In the case at bar, the collector's receipts were offered, as we saw, after respondents had placed in evidence the county treasurer's deed to Gould, and we have therefore to consider what effect to give to the circumstance that the treasurer executed the deed at a time long subsequent to the issuance of the receipt and in this connection to consider the effect of sections 47 1/212 and 48 of the Bridgeford Act. Section 47 1/212, as amended in 1911, after providing, as we saw, for the execution of deeds by the county treasurer where an irrigation district has been dissolved, goes on to provide that “a deed so executed shall have the same force and effect as if executed by the collector of an irrigation district.” Section 48 (as amended by St. 1931, p. 439) is as follows: “A deed issued by the collector of an irrigation district as provided in section 47 hereof, when duly acknowledged or proved, is prima facie evidence that: (a) The property was assessed as required by law; (b) the property was equalized as required by law; (c) the assessments were levied in accordance with law; (d) the assessments were not paid; (e) at a proper time and place the property was sold as prescribed by law, and by the proper officer; (f) the property was not redeemed; (g) the person who executed the deed was the proper officer. Such deed duly acknowledged or proved is (except as against actual fraud) conclusive evidence of the regularity of all the proceedings from the assessment by the assessor, inclusive, up to the execution of the deed. The deed conveys to the grantee the absolute title to the lands described therein free of all encumbrances, except when the land is owned by the United States, or this state, in which case it is prima facie evidence of the right of possession.”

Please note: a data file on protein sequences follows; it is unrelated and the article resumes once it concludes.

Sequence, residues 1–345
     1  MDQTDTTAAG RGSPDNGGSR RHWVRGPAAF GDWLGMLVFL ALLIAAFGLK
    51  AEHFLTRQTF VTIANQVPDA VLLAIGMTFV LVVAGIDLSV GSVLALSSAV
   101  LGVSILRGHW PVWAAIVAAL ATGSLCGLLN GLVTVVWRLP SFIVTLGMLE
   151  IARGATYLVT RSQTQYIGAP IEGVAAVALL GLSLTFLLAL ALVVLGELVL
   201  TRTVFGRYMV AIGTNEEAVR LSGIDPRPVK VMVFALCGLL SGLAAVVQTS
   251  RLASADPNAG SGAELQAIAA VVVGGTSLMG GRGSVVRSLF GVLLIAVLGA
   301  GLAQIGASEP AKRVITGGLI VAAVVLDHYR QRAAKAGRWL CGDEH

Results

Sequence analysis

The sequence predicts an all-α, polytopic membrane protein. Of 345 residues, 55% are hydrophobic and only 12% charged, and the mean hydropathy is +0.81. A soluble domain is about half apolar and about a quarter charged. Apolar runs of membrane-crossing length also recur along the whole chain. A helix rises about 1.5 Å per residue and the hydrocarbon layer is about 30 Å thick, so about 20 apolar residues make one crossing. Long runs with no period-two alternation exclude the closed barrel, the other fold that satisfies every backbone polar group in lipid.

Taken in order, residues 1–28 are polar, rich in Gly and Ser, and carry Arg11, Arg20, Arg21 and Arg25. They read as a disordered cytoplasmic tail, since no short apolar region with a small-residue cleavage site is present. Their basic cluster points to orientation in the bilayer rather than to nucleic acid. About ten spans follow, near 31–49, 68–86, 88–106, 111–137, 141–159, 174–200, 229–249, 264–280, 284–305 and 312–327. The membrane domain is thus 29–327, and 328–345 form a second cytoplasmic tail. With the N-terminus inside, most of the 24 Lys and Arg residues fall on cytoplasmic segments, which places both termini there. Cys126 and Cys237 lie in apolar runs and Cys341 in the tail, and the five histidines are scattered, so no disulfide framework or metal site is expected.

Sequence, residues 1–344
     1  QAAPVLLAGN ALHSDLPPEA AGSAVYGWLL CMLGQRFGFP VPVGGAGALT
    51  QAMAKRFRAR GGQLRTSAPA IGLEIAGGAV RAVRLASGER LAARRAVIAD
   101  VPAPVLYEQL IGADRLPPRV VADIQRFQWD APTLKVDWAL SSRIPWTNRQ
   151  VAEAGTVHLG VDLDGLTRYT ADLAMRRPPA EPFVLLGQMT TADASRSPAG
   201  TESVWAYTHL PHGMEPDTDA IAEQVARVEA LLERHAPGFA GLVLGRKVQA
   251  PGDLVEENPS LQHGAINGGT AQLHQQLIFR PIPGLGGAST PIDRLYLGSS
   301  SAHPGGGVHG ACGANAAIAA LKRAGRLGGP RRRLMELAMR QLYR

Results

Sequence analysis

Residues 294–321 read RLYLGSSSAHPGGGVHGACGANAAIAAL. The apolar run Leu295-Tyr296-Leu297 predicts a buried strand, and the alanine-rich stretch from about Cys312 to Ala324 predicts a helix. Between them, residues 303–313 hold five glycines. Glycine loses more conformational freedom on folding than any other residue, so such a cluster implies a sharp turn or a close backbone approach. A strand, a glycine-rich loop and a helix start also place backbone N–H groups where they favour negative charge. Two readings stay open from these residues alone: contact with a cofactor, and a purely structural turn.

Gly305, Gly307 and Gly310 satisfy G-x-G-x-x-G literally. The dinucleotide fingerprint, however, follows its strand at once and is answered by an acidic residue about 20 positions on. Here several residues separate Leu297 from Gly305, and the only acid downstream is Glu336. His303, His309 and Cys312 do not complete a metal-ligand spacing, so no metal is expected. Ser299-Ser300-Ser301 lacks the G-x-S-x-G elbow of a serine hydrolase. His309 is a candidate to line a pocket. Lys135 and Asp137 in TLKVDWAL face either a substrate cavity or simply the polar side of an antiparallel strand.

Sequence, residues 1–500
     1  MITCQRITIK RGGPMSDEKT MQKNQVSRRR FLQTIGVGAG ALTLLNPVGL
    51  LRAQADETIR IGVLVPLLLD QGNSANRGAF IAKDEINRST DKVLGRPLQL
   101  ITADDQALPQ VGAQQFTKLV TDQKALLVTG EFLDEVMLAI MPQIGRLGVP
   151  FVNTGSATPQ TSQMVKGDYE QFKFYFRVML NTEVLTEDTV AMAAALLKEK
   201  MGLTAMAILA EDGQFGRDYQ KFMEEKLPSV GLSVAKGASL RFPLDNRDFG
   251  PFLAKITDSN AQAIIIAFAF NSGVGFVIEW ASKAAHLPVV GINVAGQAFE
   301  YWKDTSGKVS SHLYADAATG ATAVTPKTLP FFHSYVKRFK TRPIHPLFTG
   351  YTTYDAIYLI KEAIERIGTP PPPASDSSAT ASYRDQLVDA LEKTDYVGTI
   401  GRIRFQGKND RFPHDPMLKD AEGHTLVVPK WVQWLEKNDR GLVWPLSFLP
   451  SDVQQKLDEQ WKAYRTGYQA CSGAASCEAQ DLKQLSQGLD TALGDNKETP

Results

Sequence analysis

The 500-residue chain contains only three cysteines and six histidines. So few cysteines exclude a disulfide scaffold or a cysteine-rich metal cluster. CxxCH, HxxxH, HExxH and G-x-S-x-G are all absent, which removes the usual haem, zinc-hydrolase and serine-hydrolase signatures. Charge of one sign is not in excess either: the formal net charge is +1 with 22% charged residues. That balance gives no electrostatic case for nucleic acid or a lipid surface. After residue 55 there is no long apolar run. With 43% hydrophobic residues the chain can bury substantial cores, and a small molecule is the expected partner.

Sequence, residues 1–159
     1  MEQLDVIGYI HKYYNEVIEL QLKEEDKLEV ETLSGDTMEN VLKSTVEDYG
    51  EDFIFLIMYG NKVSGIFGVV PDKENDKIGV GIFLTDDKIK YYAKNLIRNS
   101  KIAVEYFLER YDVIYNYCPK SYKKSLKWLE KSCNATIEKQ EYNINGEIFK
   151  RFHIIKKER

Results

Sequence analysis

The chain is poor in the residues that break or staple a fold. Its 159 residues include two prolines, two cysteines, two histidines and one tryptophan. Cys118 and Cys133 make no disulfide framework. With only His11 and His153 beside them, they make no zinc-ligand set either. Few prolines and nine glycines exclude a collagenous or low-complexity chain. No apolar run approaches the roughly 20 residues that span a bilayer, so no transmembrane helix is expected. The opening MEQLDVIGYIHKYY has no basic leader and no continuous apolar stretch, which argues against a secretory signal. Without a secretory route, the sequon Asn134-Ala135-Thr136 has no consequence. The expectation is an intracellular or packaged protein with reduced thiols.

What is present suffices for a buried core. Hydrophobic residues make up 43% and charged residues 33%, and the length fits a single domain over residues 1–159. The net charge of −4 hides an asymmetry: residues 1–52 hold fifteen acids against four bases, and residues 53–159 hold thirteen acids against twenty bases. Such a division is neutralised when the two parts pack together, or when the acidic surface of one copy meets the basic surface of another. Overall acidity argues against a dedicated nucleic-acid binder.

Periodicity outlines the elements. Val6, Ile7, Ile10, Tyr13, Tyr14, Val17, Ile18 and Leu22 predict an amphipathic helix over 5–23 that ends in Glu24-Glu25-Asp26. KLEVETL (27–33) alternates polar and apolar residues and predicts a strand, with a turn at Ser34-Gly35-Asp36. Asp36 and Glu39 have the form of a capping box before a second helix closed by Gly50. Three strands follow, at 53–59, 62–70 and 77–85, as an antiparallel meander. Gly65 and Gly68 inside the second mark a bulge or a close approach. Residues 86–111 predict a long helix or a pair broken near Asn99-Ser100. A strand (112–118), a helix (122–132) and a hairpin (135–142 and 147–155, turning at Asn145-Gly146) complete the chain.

The problem then is briefly this: The treasurer's deed raised the prima facie presumption that at the time it was issued the lots had not been redeemed from the sale, and this presumption stood uncontradicted until the introduction of the collector's receipts. These amounted to a showing to the contrary. Had the trial court believed that there had been paid in such redemption the aggregate amount shown by the two receipts, that is, $347.76, it must necessarily have held that the presumption of nonredemption raised by the production of the treasurer's deed was overcome and that the deed had been improperly issued. Had the court been justified in finding that the earlier payment of $229.81 had not been retained by the collector, but returned, and the later payment of $117.95 alone retained, then the prima facie presumption would still arise that the redemptioner had applied to the collector to find what it would cost to redeem and in paying the $117.95 had complied with the collector's demands. In that event, this presumption would be met by the other presumption arising under section 48 of the Bridgeford Act from the presence of the deed that the property had not been redeemed and the principle relied on by respondent would apply, that this presumption of nonredemption would necessarily have not only to be contradicted, but overcome before the trial court could have found that a redemption had been made. Miller & Lux v. Secara, 193 Cal. 755, 770, 771, 227 P. 171. But we do not think that this situation was before the court, nor do we think that, when presented with the collector's receipts for sums aggregating $347.76, the court was at liberty, in the absence of further explanation, to infer that the collector had retained less than that aggregate, and we think that the situation demanded some further explanation before the evidence could justify the finding implicit in the decision that no redemption had been made.
We may add that the record shows that, when respondent W. H. Nichols purchased the tax title, he knew that appellant claimed to own the property. Nichols' rights are no greater than Gould's. Shackelford v. McGlashan, 27 N. M. 454, 202 P. 690, 692, 23 A. L. R. 75; Warden v. Glos, 236 Ill. 511, 86 N. E. 116, 117.
The judgment is reversed, and the case remanded for a new trial.
HAINES, Justice pro tem.
We concur: BARNARD, P. J.; MARKS, J.